Dr. Plotkin’s work has been featured in a PBS Nova documentary, in an Emmy-winning Fox TV documentary, on the NBC Nightly News and Today Show, CBS’ 48 Hours and in Life, Newsweek, Smithsonian, Elle, People, The New York Times, along with appearances on National Public Radio. Smithsonian magazine’s 35th anniversary issue profiled Dr. Plotkin as one of "35 who made a difference" in November 2005. In March 2007, he was honored with the Cincinnati Zoo and Botanical Gardens Conservation Award. And in March 2008, Dr. Plotkin and Liliana Madrigal were awarded the Skoll Foundation’s prestigious Award for Social Entrepreneurship, making ACT the first environmental organization to garner this recognition.
In May 2010, Mark Plotkin received the honorary degree of Doctor of Humane Letters from Lewis and Clark College in Portland, Oregon. The degree citation read in part: "For teaching us that the loss of knowledge and species anywhere impoverishes us all; for combining humanitarian vision with academic rigor and moral sensibility; and for reminding us always, with clarity and passion and humor, that when we study people and plants, we are simultaneously exploring paths to philosophy, music, art, dance reverence, and healing." In October of the same year, the great Jane Goodall presented Mark with an award for "International Conservation Leadership."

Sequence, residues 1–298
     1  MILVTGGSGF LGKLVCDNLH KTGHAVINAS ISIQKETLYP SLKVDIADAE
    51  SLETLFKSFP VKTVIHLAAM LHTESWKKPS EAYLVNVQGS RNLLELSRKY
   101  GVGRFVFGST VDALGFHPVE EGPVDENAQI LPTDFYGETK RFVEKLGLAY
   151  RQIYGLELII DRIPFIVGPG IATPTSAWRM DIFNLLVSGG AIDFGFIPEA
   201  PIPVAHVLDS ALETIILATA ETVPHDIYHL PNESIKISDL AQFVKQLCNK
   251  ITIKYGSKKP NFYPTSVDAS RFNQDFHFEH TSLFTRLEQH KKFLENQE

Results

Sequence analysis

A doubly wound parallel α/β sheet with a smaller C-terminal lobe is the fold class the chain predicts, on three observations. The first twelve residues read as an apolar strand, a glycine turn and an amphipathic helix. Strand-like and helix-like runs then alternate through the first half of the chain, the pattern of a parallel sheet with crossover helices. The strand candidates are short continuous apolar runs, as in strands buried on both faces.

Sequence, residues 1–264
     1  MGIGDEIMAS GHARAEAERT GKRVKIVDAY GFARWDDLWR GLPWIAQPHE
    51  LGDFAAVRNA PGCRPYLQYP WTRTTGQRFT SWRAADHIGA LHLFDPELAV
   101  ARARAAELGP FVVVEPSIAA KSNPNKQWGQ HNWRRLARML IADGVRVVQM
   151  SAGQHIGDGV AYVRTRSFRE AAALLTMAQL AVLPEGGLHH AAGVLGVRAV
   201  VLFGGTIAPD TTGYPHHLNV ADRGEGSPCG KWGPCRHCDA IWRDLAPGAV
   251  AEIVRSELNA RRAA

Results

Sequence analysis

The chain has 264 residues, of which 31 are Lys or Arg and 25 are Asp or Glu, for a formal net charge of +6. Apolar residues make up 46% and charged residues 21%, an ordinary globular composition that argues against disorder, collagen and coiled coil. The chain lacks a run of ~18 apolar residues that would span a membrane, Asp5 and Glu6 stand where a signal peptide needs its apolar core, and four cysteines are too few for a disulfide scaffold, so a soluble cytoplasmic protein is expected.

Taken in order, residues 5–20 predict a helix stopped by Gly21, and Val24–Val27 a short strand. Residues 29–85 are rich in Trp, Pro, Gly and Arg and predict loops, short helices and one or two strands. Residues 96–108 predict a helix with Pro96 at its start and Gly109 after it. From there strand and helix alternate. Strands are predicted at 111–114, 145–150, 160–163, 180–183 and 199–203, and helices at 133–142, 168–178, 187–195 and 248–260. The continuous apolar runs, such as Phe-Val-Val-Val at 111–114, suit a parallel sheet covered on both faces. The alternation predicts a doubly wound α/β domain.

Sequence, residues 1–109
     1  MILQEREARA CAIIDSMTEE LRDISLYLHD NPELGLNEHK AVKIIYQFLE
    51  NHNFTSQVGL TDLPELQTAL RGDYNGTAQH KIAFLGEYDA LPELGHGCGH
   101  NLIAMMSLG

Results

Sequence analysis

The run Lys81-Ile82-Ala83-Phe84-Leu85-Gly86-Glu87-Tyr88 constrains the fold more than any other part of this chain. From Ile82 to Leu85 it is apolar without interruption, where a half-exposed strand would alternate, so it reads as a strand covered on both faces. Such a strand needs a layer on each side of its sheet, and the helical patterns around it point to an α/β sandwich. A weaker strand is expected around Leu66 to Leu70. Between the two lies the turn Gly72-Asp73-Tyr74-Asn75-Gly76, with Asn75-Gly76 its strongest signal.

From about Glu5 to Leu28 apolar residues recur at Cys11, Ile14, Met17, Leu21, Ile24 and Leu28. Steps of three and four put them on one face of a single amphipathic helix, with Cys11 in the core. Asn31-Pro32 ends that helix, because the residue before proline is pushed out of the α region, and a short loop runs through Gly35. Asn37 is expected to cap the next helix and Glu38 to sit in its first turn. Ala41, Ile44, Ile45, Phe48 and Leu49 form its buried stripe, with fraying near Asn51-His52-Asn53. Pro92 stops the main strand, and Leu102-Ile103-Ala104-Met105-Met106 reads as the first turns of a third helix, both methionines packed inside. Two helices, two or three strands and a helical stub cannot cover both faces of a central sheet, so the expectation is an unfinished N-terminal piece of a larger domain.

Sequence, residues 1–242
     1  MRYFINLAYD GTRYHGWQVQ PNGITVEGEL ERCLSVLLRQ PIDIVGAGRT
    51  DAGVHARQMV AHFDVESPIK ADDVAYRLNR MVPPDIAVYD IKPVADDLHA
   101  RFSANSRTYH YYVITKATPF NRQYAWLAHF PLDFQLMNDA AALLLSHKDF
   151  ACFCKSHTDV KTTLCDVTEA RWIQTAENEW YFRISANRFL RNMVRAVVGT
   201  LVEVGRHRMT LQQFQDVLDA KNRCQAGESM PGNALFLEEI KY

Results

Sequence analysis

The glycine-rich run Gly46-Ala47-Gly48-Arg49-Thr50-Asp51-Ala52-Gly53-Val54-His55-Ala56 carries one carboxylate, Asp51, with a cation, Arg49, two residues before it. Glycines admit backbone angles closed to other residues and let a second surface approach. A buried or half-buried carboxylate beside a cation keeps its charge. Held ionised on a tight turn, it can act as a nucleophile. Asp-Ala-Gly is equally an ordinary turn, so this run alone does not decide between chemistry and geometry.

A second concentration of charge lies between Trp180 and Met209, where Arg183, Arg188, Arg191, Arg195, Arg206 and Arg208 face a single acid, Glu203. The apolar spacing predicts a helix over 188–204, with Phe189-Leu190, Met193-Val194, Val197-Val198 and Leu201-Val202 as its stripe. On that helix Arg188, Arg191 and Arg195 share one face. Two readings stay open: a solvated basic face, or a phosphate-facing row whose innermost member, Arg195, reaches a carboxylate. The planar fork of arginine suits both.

Dr. Plotkin's TED Talk on the protection of the Amazon's uncontacted tribes has attracted well over a million views. You can see the talk at:
Dr. Plotkin was educated at Harvard, Yale and Tufts University. In 2011, he was the recipient of the Yale School of Forestry Distinguished Alumni Award. In 2019, the Harvard University gave him the Shinagel Award for Public Service “in recognition of his lifelong commitment to the protection of the Amazon rainforest and the tribal communities within.”
Born on April 21, 1939, in Baton Rouge, Louisiana, she joined the Sisters of St. Joseph in 1957. After studies in the USA and Canada, she spent the following years teaching high school, and serving as the Religious Education Director at St. Frances Cabrini Parish in New Orleans and the Formation Director for her religious community.
In 1982, she moved into the St. Thomas Housing Project in New Orleans in order to live and work with the poor. While there, Sister Helen began corresponding with Patrick Sonnier, who had been sentenced to death for the murder of two teenagers. Two years later, when Patrick Sonnier was put to death in the electric chair, Sister Helen was there to witness his execution. In the following months, she became spiritual advisor to another death row inmate, Robert Lee Willie, who was to meet the same fate as Sonnier.